Serving Mid-Market Businesses
I prefer not to use revenue, or even the number of employees, as a guideline for identifying whether businesses fall into the middle market. My clients’ revenues and numbers of employees differ to a degree. What they have in common is that they are all strong businesses characterized by profitability, prospects for growth, capable management, and a desire to see the business prosper in the future.
The following information may help you determine whether your client’s business falls into the mid-market category. Businesses are generally described as falling into one of three categories:
1 Main Street Businesses
- Usually local businesses that attract local or regional buyers
- Serviced by business brokers
- Annual revenues under $5 million
2 Mid-Market (Or Middle Market) Businesses
- Regional, national, or international businesses that attract strategic buyers or private equity groups worldwide
- Serviced by M&A advisors and investment bankers
- Annual revenues of $5 million to $1 billion
3 Large Businesses
- Multi-national businesses and institutions
- Serviced by bulge bracket investment bankers (i.e. Goldman Sachs)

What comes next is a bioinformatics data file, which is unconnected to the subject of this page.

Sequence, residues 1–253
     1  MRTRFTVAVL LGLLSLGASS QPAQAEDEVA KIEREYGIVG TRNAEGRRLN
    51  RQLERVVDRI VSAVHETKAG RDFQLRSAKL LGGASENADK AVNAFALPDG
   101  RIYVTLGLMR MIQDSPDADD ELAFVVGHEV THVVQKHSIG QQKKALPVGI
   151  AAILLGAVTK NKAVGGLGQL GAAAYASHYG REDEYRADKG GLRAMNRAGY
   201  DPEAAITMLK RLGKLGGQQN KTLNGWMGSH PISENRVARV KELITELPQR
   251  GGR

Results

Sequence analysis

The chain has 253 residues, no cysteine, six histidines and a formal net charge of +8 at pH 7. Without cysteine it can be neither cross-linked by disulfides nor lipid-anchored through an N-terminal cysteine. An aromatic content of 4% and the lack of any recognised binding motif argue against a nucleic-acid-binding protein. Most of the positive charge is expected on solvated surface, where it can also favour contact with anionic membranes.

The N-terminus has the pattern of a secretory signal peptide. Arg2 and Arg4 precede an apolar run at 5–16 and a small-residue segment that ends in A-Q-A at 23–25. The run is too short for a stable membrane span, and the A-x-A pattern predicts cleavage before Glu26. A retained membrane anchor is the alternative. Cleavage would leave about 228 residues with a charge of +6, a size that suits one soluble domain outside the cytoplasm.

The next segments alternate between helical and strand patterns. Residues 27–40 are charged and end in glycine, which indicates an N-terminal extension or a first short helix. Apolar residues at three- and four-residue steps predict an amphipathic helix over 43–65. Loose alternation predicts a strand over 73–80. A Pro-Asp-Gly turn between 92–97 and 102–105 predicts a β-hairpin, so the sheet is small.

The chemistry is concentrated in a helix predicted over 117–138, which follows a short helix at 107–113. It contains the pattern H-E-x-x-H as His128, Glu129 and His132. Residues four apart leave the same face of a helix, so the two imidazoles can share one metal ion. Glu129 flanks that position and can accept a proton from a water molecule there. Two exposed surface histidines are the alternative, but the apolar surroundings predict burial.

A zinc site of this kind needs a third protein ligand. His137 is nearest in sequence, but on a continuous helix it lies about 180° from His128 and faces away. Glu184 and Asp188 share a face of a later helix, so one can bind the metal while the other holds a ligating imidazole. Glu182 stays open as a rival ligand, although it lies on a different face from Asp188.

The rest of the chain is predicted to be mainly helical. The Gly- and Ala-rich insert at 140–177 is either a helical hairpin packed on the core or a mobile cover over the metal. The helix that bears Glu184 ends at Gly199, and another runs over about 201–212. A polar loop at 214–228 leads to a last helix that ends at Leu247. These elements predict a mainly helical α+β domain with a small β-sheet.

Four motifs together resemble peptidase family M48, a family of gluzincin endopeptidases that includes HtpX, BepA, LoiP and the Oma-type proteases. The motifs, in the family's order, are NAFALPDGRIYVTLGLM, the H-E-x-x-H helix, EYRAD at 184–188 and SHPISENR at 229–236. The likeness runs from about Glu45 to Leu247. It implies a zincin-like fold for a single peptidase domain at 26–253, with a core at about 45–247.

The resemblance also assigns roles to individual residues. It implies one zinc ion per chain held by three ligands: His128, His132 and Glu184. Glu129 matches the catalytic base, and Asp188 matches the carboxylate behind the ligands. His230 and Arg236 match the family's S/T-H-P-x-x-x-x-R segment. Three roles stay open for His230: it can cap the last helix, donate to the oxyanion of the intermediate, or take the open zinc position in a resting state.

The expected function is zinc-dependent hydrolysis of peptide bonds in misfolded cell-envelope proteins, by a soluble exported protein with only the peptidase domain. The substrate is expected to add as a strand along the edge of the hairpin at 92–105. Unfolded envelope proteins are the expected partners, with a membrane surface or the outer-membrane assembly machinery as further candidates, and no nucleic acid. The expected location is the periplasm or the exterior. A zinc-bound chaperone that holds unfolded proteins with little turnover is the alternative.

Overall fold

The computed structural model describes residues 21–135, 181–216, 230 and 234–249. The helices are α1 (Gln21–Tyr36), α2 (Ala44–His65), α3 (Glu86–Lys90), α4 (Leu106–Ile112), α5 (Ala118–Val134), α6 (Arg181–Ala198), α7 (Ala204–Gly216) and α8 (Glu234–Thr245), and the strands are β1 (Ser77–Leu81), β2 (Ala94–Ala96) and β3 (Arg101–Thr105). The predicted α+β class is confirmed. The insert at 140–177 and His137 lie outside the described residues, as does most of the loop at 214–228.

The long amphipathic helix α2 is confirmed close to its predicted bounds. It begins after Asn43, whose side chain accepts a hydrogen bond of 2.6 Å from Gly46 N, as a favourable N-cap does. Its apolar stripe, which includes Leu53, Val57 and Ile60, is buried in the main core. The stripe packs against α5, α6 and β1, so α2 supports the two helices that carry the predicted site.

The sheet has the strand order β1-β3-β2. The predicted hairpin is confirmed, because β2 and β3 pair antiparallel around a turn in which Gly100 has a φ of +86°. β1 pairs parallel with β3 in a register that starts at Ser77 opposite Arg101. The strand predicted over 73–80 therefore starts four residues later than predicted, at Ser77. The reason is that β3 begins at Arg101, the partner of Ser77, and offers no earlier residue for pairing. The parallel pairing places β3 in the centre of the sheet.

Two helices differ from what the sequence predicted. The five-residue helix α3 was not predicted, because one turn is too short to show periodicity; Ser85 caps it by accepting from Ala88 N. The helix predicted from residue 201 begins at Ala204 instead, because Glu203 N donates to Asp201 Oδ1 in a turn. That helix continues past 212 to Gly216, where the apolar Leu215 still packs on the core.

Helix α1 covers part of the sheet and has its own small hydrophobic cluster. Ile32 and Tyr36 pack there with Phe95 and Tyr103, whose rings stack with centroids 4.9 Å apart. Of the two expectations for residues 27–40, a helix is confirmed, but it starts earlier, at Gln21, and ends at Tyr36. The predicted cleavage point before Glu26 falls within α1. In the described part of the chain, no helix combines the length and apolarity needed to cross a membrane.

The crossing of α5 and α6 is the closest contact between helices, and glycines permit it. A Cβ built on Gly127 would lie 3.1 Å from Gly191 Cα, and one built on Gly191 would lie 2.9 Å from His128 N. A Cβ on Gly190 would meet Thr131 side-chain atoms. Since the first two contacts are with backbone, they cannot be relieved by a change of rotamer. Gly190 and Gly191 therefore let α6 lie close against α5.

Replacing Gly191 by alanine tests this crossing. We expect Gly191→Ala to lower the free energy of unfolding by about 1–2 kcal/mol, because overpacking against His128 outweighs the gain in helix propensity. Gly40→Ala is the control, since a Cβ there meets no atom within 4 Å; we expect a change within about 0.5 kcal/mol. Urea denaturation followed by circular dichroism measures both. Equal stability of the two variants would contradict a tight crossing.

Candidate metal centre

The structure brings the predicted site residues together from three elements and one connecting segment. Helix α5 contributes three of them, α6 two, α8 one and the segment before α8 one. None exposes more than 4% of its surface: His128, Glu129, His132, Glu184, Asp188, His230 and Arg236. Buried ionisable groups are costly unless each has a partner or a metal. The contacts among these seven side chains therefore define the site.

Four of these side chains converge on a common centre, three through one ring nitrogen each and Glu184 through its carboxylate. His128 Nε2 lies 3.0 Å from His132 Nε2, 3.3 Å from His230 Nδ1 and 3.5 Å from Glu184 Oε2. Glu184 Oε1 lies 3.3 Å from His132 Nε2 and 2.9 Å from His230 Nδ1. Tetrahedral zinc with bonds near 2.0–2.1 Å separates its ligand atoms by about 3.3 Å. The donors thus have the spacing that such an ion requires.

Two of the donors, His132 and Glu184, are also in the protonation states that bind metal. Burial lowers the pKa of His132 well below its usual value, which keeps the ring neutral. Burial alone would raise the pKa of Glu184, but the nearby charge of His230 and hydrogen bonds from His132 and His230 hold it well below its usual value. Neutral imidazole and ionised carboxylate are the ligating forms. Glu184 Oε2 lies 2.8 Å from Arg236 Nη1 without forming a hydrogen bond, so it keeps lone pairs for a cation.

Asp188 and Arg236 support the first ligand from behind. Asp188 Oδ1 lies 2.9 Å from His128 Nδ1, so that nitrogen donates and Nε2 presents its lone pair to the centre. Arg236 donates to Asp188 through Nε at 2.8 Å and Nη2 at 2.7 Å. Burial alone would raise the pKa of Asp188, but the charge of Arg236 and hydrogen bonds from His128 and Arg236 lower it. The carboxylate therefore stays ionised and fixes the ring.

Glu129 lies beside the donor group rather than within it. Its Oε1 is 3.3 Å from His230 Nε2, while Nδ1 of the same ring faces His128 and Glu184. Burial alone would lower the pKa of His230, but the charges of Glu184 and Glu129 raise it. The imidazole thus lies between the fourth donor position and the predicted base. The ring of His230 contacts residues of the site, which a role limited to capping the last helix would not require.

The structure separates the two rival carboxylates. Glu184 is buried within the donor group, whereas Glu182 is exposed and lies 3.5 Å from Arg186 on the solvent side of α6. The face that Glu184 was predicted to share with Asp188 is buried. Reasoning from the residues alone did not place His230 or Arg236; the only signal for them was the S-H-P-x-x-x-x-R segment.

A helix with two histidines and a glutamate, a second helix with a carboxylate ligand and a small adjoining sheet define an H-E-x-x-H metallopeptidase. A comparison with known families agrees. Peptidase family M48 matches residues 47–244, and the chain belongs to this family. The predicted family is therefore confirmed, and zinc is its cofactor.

- Annual revenues over $1 billion
More About The Middle Market
Because of the wide range of businesses in the middle market, these businesses are sometimes further broken down into three approximate ranges:
- Lower middle market: $5–$50 million
- Middle market: $50–$500 million
- Upper middle market: $500 million–$1 billion
We define the mid-market as businesses with an enterprise value between $5 million and $150 million.
After three years with an international M&A firm and five years with a national M&A firm we have built the necessary credibility to attract the participation of first class associates with demonstrated subject matter expertise to meet and exceed our client’s expectations.